Politicians reject conducting probe of IDF's role in Cast Lead

Politicians reject condu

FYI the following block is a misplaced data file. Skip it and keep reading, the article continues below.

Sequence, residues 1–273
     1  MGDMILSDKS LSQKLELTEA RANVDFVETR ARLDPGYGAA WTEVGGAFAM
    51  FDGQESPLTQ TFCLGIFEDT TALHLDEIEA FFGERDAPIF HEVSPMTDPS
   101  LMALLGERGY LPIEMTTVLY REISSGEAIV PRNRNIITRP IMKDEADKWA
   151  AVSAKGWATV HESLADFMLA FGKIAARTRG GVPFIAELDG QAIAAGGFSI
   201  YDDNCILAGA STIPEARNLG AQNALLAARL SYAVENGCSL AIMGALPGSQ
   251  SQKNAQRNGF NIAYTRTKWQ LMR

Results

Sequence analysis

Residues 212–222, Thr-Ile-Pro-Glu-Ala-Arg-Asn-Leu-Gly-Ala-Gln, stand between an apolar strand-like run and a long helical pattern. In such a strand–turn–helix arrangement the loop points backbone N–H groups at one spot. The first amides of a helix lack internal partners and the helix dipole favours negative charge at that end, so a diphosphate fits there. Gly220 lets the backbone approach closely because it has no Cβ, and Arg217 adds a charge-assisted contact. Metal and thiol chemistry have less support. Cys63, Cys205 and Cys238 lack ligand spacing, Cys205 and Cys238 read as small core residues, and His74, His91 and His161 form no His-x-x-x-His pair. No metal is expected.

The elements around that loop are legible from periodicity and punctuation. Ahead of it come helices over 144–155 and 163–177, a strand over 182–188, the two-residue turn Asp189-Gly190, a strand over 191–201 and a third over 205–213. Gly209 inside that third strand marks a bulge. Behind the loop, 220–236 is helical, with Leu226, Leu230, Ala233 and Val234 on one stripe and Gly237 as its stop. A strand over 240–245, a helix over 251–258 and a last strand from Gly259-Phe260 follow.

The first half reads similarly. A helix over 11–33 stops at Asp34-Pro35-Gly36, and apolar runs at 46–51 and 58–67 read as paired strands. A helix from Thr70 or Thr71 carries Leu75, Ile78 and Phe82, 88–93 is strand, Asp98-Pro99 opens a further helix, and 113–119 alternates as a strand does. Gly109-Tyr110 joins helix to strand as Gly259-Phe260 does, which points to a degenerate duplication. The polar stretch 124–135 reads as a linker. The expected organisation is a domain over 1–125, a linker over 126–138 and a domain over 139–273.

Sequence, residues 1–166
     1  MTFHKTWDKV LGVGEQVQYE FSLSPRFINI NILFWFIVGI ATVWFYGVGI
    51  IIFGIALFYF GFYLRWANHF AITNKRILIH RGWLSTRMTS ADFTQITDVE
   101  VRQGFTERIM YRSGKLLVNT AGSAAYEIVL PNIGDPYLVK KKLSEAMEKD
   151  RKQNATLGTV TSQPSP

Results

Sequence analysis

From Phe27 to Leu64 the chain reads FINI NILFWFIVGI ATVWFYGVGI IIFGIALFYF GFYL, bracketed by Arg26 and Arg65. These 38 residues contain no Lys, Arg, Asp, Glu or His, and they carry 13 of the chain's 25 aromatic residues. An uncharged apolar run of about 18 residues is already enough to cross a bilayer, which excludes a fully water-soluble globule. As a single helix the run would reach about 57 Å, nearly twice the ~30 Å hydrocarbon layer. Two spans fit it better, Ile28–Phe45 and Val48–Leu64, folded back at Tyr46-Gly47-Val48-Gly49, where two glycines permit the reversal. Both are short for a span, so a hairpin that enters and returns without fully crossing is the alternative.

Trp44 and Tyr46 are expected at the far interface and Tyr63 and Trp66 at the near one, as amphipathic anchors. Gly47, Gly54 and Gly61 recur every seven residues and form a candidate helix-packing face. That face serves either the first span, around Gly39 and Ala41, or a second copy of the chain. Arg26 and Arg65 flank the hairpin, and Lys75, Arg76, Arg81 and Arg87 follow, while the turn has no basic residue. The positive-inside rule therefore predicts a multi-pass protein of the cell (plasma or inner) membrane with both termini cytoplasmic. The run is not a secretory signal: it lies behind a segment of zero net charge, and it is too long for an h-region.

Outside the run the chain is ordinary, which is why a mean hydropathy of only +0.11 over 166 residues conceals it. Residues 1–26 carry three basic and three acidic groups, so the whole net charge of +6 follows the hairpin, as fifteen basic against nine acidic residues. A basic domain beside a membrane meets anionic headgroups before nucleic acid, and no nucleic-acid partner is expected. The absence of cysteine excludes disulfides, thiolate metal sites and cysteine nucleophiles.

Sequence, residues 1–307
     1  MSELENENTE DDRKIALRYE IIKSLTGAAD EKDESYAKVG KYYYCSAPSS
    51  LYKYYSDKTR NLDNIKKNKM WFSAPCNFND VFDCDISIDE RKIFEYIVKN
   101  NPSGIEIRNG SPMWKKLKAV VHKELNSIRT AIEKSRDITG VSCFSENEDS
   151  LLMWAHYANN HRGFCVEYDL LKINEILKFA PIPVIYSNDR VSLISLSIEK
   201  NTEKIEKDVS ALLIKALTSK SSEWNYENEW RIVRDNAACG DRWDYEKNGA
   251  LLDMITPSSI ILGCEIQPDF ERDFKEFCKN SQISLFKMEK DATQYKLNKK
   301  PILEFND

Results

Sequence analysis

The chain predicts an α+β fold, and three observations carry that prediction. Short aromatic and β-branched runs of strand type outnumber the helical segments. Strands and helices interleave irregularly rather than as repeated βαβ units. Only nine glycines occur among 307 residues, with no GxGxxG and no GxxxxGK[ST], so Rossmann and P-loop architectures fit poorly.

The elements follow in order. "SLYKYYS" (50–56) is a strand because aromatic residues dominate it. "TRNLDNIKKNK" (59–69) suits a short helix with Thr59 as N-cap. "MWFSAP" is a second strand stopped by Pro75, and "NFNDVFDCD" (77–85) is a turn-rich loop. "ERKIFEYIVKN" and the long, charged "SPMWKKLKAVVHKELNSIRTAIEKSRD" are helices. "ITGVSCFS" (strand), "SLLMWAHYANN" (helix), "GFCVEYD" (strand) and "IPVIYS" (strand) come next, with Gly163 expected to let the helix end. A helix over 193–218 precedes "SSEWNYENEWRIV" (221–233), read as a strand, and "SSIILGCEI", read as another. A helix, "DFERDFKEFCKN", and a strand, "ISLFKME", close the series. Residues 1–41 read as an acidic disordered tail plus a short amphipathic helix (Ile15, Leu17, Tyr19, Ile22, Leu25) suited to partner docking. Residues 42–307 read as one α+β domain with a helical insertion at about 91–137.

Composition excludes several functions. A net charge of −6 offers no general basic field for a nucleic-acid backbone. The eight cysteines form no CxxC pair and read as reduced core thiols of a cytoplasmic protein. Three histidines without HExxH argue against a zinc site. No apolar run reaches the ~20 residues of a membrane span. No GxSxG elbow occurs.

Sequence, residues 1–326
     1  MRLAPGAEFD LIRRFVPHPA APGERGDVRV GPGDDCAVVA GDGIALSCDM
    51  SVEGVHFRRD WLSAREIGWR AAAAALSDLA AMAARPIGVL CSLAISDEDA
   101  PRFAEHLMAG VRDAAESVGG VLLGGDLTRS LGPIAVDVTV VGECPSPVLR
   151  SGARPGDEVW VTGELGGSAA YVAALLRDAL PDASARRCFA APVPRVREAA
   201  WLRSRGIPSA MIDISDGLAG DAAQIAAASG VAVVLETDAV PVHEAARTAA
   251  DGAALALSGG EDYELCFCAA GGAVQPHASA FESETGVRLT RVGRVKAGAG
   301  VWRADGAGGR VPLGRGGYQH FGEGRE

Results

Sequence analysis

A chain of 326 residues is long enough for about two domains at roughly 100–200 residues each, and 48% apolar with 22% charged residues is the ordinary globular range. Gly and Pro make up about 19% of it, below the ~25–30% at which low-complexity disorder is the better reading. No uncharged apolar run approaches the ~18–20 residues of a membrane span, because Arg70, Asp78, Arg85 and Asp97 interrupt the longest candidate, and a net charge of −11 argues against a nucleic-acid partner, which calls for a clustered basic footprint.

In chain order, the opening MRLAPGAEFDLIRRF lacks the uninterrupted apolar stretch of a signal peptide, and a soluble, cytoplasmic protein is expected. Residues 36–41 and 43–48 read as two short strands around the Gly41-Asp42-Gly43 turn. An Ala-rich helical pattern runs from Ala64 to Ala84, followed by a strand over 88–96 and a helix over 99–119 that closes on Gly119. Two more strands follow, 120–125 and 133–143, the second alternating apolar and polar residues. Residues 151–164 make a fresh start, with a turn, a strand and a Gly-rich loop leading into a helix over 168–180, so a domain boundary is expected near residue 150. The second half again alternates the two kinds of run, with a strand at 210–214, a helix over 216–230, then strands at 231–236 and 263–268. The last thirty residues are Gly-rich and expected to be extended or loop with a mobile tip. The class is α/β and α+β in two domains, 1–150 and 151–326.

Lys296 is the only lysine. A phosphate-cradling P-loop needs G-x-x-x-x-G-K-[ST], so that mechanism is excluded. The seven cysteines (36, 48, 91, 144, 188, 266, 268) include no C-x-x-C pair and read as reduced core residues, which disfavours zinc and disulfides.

Although Prime Minister Binyamin Netanyahu seemed to support the idea floated Wednesday of Israel establishing an independent investigative commission to probe the IDF's activities during Operation Cast Lead, politicians from across the political spectrum opposed the establishment of such a panel. In addition to coalition partners, whose top representatives voiced their opposition during a cabinet meeting, opposition parties on the Right and Left alike slammed the idea. "This all stems from a basic desire to please the world, and a lack of understanding that nothing that Israel does will ever satisfy them," explained National Union spokesman Harel Cohen. "The Goldstone Commission is no different from the Peel Commission or any other commission. And so any kind of an internal inquiry would not satisfy, just as the expulsion from Gush Katif - another step taken by Israel to satisfy the rest of the world - didn't satisfy anyone and in fact, led to the operation itself," he continued. "Those who support the idea think that [former Supreme Court president] Aharon Barak will say that we did something wrong and then everyone will like us throughout the world." On the opposite side of the political spectrum, the explanation was different, but the conclusion was similar. "I don't really have much faith in that type of committee," said MK Ahmed Tibi (Ra'am-UAL). "The conclusions and recommendations are never carried out and even when officers are cited, they will eventually be pardoned as they have been in similar conditions in the past. "Immediately after the operation, there should have been a governmental probe, but it wasn't done, in an attempt to brush the bitter truth under the rug," added Tibi. "War criminals in the whole world are punished. Israel shouldn't be outside of that accountability, thus the process that has already begun according to international law. But if Israel tries people for war crimes it will prevent international proceedings against it." The idea also was blasted by Kadima, the party in power during the Gaza operation. Opposition chairwoman Tzipi Livni said that she opposed such an initiative, and MK Nahman Shai (Kadima) accused the government of cracking under international pressure. That the government would establish an investigative commission to probe Operation Cast Lead "two weeks after the same government responded with fury to the Goldstone Commission Report is to climb down from the ladder that they climbed up, and is grasping hold of the investigative committee suggested by Goldstone in order to dam the floodwaters released by the report," said Shai. "As usual, the government is inconsistent, and its decisions are taken recklessly and under pressure. Israel's international standing is too bad to undergo experiments such as this one." Gil Hoffman contributed to this report.